NHS England has signalled it will adopt a ‘strategic approach’ in its use of a £1bn fund for primary care premises, admitting that the first year of investment had been a ‘rush’.
- NHS England will take a “strategic approach” to its £1bn primary care infrastructure fund
- Director of primary care commissioning David Geddes says the first year of the programme had been “a rush”
The central authority first announced a £1bn fund for investment in GP premises in January. Practices were invited to bid for funding, which would be released in £250m tranches over four years. The successful bidders for the first year were announced in March, shortly before the pre-election purdah period.
The organisation’s director of primary care commissioning, David Geddes, admitted “this year was a rush”. He added: “What we want to be able to make sure… is that next tranche is not another tranche of a one year process.”
Speaking at a Westminster health forum event in London last week, Dr Geddes said the first year of the programme had been “focusing on trying to get a level up for some of the historic underinvestment that has existed in primary care”, but it would “take a strategic approach” in future.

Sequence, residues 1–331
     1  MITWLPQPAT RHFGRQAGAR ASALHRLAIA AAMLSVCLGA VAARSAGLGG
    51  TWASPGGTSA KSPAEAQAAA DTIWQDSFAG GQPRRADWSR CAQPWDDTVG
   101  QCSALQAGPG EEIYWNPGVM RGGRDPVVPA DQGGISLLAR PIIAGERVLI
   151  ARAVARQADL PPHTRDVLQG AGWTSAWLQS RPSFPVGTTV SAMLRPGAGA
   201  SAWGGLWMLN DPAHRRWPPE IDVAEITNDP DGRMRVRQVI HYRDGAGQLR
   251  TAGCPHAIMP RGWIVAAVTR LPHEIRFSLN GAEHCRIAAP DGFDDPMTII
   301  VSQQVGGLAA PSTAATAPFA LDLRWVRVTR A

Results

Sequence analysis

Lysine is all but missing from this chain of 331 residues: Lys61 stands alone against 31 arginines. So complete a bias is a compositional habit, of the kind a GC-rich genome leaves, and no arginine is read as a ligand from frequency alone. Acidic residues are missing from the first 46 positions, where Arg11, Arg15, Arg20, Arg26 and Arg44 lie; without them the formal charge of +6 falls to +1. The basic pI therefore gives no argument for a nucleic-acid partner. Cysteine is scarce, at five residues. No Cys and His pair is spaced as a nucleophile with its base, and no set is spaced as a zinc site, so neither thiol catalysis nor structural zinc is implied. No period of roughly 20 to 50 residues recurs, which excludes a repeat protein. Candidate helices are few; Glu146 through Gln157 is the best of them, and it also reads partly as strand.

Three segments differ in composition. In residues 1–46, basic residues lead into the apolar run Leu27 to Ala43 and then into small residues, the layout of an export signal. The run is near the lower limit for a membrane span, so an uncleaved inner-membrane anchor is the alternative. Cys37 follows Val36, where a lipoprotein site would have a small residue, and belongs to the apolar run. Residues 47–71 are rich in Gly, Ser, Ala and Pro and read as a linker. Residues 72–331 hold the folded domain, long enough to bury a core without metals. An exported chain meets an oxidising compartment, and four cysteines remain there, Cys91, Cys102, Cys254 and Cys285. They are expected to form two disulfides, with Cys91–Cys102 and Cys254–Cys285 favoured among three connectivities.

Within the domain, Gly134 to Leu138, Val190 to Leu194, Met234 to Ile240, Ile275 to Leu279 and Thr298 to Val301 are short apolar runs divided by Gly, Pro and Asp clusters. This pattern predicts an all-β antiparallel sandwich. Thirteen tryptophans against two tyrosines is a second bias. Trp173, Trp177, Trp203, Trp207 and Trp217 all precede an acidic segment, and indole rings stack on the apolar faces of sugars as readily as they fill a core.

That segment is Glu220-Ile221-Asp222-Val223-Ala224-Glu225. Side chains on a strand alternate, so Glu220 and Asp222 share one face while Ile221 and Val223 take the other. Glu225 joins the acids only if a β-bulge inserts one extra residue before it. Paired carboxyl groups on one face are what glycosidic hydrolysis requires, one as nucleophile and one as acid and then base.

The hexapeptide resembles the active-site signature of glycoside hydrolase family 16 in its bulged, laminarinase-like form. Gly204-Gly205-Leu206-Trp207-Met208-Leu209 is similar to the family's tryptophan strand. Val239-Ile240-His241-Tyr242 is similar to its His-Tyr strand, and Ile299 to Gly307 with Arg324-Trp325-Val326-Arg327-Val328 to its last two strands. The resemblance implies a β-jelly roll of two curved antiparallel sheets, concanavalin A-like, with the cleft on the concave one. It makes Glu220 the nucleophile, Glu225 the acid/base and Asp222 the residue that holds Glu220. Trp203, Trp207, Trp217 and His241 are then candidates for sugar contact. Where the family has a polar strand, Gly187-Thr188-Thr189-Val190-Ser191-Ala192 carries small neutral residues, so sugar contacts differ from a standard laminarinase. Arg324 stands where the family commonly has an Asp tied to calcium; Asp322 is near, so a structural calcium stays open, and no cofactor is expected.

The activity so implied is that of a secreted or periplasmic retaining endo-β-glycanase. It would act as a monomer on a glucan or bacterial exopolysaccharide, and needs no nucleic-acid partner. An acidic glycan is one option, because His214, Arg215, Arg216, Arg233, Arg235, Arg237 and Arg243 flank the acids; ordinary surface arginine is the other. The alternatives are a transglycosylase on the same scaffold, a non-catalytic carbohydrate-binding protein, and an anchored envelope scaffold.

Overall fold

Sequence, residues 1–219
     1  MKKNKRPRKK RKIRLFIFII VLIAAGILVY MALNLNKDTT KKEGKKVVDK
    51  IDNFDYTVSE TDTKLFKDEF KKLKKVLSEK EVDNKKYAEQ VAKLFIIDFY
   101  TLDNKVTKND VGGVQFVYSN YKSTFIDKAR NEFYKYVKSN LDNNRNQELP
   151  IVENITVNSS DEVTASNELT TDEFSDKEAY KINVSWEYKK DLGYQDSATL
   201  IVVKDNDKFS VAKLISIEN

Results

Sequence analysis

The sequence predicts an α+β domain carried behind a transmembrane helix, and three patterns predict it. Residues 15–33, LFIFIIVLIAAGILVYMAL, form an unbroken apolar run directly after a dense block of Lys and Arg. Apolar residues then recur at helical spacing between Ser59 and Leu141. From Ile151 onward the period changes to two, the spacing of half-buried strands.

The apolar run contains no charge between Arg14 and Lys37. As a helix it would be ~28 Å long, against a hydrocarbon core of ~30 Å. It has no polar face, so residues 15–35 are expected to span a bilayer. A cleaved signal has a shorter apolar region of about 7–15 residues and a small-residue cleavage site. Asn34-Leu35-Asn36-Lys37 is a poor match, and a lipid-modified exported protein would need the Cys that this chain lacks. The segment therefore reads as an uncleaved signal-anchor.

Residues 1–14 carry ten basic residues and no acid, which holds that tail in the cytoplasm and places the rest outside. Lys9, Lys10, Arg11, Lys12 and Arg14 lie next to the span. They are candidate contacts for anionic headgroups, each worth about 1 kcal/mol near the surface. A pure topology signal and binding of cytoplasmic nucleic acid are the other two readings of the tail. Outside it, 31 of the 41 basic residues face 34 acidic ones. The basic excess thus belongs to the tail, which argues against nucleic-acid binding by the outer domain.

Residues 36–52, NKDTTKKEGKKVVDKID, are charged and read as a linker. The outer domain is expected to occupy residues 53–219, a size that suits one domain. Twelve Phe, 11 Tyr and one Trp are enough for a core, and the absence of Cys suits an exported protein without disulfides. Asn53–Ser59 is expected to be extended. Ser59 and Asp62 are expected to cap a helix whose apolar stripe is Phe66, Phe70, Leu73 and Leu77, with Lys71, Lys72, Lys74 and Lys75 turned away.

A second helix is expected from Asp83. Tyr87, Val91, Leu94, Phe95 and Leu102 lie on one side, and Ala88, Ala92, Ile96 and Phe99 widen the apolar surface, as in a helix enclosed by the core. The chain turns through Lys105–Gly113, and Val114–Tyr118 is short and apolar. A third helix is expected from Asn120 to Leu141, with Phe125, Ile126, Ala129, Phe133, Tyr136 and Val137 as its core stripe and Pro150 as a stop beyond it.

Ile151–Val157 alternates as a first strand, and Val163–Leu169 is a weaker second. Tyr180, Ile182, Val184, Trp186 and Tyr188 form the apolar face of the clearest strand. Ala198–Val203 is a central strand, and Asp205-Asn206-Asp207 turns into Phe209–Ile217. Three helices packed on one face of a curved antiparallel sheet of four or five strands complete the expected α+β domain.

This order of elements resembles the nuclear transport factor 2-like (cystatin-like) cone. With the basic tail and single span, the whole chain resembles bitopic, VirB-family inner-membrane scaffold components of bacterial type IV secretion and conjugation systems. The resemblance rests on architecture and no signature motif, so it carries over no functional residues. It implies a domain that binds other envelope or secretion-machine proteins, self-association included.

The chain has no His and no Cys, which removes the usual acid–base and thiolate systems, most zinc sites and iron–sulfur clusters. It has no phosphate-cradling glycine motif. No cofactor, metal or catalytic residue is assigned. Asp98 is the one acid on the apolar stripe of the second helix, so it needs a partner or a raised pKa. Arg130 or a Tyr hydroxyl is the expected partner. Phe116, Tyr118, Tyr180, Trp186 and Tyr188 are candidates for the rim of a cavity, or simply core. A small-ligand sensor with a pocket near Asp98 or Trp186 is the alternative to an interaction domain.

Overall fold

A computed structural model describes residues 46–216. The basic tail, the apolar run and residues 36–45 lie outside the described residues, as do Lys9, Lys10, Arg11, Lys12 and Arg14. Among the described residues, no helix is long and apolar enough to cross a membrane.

“For the next three years, we’re not looking at this as being another three lots of one year funding… we’re looking at a three year strategy,” he added.
However, he said: “How the fund will be used in years two, three and four have not been fully drilled down and defined yet.”
“At the moment a lot of the focus of the team dealing with [the fund] is on this year’s [tranche].”
Dr Geddes said primary care investment has “often…been dominated by people who shout the loudest” with little oversight.
“We now need to work with the system… to ensure that the commissioner now is able to describe what it is that we want our local health organisations and health communities to look like.”
NHS England should support clinical commissioning groups to “define what the estates strategy will look like,” he said.
“That’s what we’ve got to get right if we’re going to be able to make the [NHS Five Year Forward View] programme deliver.”